Current watches are 40 or 44 millimeter. Previous models were 38 and 42. However, the bands fit all models. That is, a band described as being for a 40 millimeter Apple Watch will fit a 38-millimeter model, and vice versa and the 42 and 44 bands are also interchangeable. We both chose 40-millimeter models.
At one time, some stores would let you pick out the specific band you wanted for your watch, but most will not let you do that now. You’ll have your choice of a few bands that come with the color you chose, and if you want something else, you will have to buy it separately.
The stainless steel models offer more expensive leather and steel bands as well as the Sport and Sport Loop bands found on the aluminum versions. We bought the Sport Loop because the Velcro-like material lets you precisely adjust the fit.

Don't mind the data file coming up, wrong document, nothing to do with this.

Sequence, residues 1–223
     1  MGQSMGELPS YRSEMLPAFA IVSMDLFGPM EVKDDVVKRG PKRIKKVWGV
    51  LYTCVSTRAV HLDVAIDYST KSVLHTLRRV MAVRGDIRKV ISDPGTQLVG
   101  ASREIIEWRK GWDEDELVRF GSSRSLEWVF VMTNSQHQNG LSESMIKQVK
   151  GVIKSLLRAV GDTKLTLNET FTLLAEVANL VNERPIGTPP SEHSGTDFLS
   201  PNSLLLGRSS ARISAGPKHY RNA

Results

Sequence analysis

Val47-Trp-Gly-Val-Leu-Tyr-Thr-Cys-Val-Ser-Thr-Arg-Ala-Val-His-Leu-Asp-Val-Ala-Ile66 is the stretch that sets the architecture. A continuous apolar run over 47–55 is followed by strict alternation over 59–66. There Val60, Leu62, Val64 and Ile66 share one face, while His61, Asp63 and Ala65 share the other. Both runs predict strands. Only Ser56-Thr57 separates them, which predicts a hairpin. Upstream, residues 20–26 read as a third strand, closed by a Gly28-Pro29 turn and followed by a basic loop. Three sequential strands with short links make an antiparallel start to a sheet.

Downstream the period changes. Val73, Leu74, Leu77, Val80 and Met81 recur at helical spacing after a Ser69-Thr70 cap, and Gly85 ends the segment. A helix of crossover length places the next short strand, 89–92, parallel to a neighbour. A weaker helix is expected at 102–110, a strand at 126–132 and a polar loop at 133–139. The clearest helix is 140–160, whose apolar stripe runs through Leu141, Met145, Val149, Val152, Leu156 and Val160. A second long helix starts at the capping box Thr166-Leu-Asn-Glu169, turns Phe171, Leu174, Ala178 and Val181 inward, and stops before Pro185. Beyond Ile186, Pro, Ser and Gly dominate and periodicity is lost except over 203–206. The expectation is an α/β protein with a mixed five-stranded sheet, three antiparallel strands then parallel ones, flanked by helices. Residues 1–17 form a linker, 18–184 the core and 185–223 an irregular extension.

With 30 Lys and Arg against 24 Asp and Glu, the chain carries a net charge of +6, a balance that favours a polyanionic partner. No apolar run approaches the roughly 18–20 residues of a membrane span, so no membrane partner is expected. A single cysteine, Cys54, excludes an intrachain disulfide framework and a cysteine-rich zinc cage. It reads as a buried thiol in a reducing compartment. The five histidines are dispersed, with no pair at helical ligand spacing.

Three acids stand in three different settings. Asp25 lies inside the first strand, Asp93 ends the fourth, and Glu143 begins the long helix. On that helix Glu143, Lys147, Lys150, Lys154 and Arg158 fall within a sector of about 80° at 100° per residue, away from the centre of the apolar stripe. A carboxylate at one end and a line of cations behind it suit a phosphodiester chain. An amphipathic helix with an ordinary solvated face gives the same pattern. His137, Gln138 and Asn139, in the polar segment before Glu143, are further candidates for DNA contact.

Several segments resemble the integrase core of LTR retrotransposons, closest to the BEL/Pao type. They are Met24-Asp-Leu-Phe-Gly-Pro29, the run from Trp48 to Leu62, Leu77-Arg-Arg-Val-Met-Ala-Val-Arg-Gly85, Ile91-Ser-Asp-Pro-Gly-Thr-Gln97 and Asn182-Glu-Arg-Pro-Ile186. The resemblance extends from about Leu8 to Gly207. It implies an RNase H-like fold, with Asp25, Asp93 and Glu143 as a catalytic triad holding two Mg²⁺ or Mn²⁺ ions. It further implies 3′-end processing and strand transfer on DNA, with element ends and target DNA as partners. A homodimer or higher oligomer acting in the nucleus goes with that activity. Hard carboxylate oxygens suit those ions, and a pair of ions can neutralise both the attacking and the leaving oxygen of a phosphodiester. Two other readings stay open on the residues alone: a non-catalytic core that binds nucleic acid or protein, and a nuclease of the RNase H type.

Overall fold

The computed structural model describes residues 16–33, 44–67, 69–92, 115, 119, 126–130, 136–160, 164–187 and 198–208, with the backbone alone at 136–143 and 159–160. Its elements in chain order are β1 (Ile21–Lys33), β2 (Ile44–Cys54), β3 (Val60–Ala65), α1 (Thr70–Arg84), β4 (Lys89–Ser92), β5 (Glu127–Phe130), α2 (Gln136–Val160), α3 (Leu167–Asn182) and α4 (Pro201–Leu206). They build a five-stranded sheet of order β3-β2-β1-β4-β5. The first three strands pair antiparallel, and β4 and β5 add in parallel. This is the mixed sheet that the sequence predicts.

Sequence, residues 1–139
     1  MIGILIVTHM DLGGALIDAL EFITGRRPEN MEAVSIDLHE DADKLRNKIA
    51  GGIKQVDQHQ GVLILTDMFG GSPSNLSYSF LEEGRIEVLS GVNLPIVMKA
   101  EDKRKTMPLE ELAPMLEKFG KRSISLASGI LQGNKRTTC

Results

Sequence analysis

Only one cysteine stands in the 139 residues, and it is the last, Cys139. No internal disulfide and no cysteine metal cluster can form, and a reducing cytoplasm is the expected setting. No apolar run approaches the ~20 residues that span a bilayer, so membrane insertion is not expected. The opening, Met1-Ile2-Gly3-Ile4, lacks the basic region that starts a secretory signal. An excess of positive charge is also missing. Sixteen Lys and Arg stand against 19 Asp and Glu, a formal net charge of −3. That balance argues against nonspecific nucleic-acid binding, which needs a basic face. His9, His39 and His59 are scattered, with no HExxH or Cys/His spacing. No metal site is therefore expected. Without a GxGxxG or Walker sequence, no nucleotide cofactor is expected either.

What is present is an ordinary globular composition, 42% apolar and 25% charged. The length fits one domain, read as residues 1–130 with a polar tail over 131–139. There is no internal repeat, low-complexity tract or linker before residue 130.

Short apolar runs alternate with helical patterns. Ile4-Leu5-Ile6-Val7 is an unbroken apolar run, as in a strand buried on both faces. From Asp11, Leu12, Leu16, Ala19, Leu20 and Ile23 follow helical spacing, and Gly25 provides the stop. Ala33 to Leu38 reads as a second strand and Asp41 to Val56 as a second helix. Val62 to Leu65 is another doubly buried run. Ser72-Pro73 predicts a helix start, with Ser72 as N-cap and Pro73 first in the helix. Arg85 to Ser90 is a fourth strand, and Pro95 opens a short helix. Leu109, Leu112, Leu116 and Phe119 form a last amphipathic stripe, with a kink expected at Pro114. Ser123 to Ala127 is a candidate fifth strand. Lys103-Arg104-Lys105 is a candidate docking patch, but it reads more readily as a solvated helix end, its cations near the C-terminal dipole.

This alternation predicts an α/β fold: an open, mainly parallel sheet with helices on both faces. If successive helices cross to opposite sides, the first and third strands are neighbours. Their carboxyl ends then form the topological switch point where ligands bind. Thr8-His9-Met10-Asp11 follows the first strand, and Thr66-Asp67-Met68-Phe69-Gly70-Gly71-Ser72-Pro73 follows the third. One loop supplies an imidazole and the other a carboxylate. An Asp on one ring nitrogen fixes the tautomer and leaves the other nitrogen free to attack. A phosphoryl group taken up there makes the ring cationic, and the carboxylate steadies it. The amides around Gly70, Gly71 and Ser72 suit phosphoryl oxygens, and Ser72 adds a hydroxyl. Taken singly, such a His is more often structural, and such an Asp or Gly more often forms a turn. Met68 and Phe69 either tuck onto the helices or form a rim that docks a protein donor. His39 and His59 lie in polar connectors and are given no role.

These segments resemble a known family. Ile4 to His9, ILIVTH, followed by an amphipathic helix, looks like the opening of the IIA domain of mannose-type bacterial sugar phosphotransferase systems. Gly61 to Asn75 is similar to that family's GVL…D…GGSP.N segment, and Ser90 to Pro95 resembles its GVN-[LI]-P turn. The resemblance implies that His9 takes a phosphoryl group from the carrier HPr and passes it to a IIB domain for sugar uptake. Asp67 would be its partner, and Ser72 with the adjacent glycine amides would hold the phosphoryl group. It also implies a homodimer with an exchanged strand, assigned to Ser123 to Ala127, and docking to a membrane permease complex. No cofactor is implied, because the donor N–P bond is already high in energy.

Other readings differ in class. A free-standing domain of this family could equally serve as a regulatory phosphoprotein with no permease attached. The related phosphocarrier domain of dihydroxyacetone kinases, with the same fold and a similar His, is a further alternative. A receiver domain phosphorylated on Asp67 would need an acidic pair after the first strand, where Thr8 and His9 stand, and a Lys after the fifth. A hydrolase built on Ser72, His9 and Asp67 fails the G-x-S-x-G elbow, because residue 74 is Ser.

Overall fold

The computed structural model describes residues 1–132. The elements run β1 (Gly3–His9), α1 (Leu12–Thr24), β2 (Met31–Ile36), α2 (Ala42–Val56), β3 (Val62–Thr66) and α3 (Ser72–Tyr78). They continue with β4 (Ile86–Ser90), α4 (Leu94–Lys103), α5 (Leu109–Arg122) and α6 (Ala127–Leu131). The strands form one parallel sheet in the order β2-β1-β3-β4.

By the way, both the Sport and Sport Loop bands are easy to clean.
The Nike models are exactly like the aluminum models. They cost the same and have the same features. The only real difference is that they offer some Nike branded watch faces. The Nike bands can be bought separately, and the Nike Run software that is preinstalled can be installed on any Apple watch.
Setting it up
If you can get help in the store or online, I do recommend it. It’s not that it’s hard to get things working; it’s actually very easy to follow the on-device directions.
The problem with that is that there is much more you will want to know and more customization you will want to do.
You can access a free manual from the Watch App. It’s in General->About as shown above. I’d encourage you to at least skim through that if nothing else.
© 2019 Tony Lawrence
Emal fiza on June 14, 2019:
thanks for the info, very handy
Tony Lawrence (author) from SE MA on June 13, 2019:
Remember that anything you buy from Apple carries a 14 day return privilege even when you have used it. That’s full money back, not a store credit.
Linda Crampton from British Columbia, Canada on June 12, 2019:
Thanks for sharing the information. The abilities of the watch sound interesting. At this point in time, I'm not sure that I'll get one. I enjoy learning about its capabilities in case I do buy an Apple Watch, though.